Let’s look at a great example!
Kodak understood how to use mobile marketing to engage their customers and ensure strong results. This company turned to mobile advertising in order to increase their customer base at Kodak Express photo processing outlets in India. But, it wasn’t just about increasing foot traffic to their shops, it was also about gathering customer information to create a database with profiles of preferences that could help them understand consumer behavior. Customers were willing to submit this information (through surveys) because, once they completed the process,—and completion included sending 50 prints to your local Kodak Express Photo Outlet—they would have the opportunity to win a 2GB iPod Nano or a 1GB memory card.
But the prize wasn’t the only reason customers engaged… With simple and concise messages such as “Kodak Express Shoot It Win It!” and “Print them now. Win them now!”, Kodak encouraged customers to click through banners and navigate to their site through an efficient and cheap channel.
More than merely seeking to engage mobile users, Kodak customized their approach and related it back to their brand by aiming towards camera-phone users, therefore potential consumers rather than focusing on demographics. “The mobile campaign was a sort of experiment—promoting Kodak to people with camera phones,” said CEO of the Singapore based advertising company. “The goals were to increase footfalls to the Kodak Express outlets in India and to consolidate user profile and behavior understanding from Kodak Express users.”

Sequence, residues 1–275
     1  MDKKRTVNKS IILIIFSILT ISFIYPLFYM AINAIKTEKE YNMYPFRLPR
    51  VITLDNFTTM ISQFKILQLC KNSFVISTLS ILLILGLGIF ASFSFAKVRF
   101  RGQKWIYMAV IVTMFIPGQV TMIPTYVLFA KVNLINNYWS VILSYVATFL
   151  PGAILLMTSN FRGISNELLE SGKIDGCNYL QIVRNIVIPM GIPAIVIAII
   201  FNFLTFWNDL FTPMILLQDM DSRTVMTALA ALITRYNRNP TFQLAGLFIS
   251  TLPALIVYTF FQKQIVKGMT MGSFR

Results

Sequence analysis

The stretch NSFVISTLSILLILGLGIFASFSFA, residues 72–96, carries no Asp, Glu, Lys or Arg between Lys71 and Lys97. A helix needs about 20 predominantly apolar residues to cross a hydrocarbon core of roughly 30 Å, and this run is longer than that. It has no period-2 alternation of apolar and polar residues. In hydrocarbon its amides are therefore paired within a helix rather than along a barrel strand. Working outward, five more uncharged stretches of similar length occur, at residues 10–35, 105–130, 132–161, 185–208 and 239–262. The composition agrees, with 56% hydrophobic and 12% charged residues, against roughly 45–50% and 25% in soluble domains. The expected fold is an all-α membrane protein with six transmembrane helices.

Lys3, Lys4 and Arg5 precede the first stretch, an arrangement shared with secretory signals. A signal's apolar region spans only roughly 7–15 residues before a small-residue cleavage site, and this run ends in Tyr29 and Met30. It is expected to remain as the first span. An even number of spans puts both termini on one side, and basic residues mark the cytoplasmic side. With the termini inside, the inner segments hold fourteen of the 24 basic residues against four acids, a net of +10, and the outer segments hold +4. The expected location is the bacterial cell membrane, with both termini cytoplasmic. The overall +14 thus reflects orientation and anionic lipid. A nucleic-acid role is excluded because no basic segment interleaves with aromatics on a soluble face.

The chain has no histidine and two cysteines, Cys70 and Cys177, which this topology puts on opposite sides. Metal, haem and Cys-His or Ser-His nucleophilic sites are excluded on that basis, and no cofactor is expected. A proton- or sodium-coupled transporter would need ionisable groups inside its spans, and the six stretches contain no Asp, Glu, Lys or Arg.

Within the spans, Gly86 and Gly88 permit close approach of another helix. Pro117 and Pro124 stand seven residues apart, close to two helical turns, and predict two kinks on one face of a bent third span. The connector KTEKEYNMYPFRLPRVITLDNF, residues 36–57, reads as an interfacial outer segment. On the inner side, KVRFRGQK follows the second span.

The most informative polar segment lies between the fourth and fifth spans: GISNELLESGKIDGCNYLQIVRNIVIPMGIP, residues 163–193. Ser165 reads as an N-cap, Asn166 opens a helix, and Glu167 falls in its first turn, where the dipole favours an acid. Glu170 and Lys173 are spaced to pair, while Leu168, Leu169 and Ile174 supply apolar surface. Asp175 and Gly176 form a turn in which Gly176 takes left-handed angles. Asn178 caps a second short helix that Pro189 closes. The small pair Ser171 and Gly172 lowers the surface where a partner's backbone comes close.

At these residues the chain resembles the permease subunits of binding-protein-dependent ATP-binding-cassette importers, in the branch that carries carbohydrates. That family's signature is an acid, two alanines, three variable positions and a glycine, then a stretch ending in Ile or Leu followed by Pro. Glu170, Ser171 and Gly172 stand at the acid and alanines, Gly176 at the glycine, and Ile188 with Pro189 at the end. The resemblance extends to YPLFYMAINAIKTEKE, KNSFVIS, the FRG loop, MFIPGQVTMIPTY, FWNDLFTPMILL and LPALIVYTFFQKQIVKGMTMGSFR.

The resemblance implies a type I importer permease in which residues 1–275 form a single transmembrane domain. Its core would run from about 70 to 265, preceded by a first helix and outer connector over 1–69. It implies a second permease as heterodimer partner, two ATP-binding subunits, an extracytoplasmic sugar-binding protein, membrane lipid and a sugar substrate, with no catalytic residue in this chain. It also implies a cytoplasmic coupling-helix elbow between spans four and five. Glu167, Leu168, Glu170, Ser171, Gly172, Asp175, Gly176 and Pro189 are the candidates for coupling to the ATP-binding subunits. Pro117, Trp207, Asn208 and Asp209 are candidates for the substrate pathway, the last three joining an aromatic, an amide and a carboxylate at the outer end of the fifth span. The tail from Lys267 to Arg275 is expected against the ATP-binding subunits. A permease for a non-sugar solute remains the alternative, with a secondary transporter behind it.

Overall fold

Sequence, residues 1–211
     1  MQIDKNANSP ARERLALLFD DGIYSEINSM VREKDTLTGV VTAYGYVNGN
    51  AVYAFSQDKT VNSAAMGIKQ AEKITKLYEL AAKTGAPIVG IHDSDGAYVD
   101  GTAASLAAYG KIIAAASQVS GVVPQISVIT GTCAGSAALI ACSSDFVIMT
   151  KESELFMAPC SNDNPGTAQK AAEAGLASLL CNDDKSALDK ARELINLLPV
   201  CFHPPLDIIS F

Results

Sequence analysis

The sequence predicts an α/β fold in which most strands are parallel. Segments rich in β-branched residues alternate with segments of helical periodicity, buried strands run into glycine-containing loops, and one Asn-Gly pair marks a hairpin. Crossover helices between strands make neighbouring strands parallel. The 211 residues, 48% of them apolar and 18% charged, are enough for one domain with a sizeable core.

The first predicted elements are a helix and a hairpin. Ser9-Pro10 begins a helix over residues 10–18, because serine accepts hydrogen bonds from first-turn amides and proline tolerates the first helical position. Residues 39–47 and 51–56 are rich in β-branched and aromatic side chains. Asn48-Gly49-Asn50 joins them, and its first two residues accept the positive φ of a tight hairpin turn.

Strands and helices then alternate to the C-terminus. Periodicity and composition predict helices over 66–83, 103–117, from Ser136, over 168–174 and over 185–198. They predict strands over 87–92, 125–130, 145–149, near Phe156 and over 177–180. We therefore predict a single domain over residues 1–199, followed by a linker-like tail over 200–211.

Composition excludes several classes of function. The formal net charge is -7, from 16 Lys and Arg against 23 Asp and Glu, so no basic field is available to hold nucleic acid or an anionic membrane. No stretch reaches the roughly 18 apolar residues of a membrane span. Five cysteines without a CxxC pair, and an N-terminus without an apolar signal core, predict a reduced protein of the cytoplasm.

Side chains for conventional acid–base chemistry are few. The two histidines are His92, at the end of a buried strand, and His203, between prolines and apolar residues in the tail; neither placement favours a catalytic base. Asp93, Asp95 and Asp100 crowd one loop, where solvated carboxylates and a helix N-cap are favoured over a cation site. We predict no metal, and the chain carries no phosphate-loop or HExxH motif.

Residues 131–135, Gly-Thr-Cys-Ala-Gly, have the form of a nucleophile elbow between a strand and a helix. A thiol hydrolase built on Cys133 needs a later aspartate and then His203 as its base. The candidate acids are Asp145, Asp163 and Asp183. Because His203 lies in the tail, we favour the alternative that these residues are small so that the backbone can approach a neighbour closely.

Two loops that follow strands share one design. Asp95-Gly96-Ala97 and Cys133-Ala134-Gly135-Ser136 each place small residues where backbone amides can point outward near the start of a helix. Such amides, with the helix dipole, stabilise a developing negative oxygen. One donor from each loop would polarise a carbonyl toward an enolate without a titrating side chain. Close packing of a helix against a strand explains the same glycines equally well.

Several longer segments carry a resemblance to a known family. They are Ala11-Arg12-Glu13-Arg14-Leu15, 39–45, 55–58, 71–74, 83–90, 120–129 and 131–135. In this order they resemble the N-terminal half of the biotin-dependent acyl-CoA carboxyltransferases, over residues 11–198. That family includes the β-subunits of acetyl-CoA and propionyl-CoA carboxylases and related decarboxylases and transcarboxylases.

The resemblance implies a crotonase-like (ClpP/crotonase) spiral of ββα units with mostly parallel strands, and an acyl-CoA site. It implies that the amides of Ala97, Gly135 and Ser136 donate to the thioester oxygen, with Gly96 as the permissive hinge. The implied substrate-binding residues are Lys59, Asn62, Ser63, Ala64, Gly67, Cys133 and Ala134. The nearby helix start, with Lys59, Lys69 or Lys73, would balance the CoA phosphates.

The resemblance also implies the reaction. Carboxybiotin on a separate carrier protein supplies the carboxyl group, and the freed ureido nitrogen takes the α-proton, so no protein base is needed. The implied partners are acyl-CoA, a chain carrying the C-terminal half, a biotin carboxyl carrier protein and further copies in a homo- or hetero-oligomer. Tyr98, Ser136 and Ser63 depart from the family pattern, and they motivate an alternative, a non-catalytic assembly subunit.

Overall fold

Additionally, I found this approach especially interesting because now that digital cameras are the preferred modus operandi not many people print their photos. Personally, I still print a few pictures here and there, I like the feel of having them in my hand but I would never think of printing the pictures from my camera phone… and why not? This approach worked not only because the tactics clearly made sense when related to the product but also because it wasn’t about a developing a mobile campaign it was about reaching key publics to possibly change behaviors and introduce the consumer to new options by correctly choosing the tool to accomplish it.
How did Kodak do? During the one-month duration of the campaign, Kodak generated 11 million visits to the survey page, with a click through rate of 1.7 percent. Even more, Kodak now has a database of profiles and preferences that will teach them about consumer behavior and will help them develop more strategies and tactics.
This campaign was not only creative, targeted and well put together, it also showed that the people in charge of strategizing it understood the medium and their audience, a skill that many struggle with in this era characterized by an overwhelming amount of available mediums. Cost effective and efficient marketing tools like mobile marketing are revolutionizing not only India but also the world. Considering all this, I think mobile can only get more relevant going forward. As for Kodak, they have an interesting head start.